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Qualifying as a mediator in Germany requires potential candidates to comply with various legal requirements. For example, they must undergo initial training & be prepared to continue improving their professional skills on an ongoing basis. In particular, they must ensure that they are competent enough (both theoretically & practically) to render assistance with resolving disputes by mediation in the state of Germany. Upon completion of their training, they must have a sound grasp of:

  • basics of mediation;
  • negotiation methods;
  • dispute resolution;
  • legal aspects of mediation.

Those wishing to start a business in Germany should keep in mind that there’s currently no credit point system in the country for improving qualifications of mediators.

Mediation in the State of Germany: Certification

Settling commercial disputes in the state of Germany requires certified mediators to meet a number of professional requirements, including undergoing compulsory training & having a sound knowledge of minimally required mediation procedures.

One can call themselves a certified mediator only upon undergoing a 120-hour training course & applying at least five procedures for resolving commercial disputes through mediation in the state of Germany within a 2-year period after completion of their training.

Germany: Mediators’ Obligations & Responsibilities

When resolving business disputes in Germany, mediators must ensure compliance with a number of rules. Should they violate any of them, they may be held liable for damage as per current civil legislation. 

German insurance companies offer mediators professional liability insurance; however; it is optional, which is why German mediators aren’t required to meet any minimum insurance requirements.

Those seeking to initiate mediation in Germany should keep in mind that mediation proceedings can be terminated if mediators improperly carry out their duties or engage in misconduct. If that is the case, parties may decline to pay moderators their fee by citing corresponding provisions of contract law.

Germany: Mediation Agreements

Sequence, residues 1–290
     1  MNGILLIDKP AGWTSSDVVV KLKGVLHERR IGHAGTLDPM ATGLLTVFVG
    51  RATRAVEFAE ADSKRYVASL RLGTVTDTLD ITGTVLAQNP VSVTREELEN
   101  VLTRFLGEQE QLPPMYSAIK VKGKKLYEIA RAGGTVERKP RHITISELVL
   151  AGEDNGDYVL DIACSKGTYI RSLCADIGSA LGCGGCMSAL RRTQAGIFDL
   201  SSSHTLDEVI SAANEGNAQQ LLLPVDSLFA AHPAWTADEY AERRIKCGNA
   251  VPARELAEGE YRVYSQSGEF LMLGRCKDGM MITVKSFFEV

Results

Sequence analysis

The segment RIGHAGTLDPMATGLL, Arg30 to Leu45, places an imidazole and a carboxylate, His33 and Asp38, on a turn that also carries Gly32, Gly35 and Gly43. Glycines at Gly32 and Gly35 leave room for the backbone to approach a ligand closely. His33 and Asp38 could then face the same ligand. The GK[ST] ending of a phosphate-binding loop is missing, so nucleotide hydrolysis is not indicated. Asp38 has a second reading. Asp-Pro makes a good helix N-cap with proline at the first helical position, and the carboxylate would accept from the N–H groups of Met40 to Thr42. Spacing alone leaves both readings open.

Mediators aren’t required to meet any formal requirements for concluding agreements with parties (and the same applies to agreements between parties). Therefore, they’re free to choose what to include & what not to include in their agreements. Those seeking to initiate a commercial mediation in Germany should keep in mind that agreements are usually concluded in written form & include provisions pertaining to rights & duties of mediators & parties.

In particular, they include:

  • dispute’s description;
  • mediators’ duties;
  • description of mediation procedure;
  • guarantees of mediators’ neutrality;
  • privacy clause;
  • confirmation parties’ voluntary participation in the settlement of a dispute by mediation in the state of Germany;
  • description of termination procedure;
  • provisions concerning mediation’s venue & time;
  • description of suspension procedure (if parties already began to settle a dispute by arbitration or litigation in Germany);
  • agreement on extending contractual terms/limitation periods;
  • description of parties' responsibility for covering costs of the mediation procedure.

Conflict of Interest

Prior to initiating mediation procedure in Germany, mediators must:

  • let parties know of circumstances capable of affecting their neutrality;
  • let parties know that a person that has already consulted either of them on a similar issue may not be chosen as a mediator; 
  • let parties know whether one of their colleagues has already consulted one of them regarding a similar issue.

Should they breach any of the above, mediators may be held liable for damages as per current legislation.

Fees

Those seeking to resolve business disputes in the state of Germany should keep in mind that a mediator fee is negotiable. Normally, parties share remuneration-related expenses & agree on mutual liability.

There’s no compensation for mediators’ services if parties are unable to pay a mediator fee. However, German courts can include expenses related to resolving disputes through mediation in the state of  Germany in the overall cost estimate

Conclusion

Overall, settling disputes out of court in Germany is far more effective than initiating litigation. That is precisely why IQ Decision UK recommends resorting to mediation as an effective & relatively inexpensive way of resolving disputes in the state of Germany. Our team of legal advisors will be happy to lend you a helping hand with pre-trial resolution of commercial disputes in Germany & handle any other legal issue you may be facing in this regard.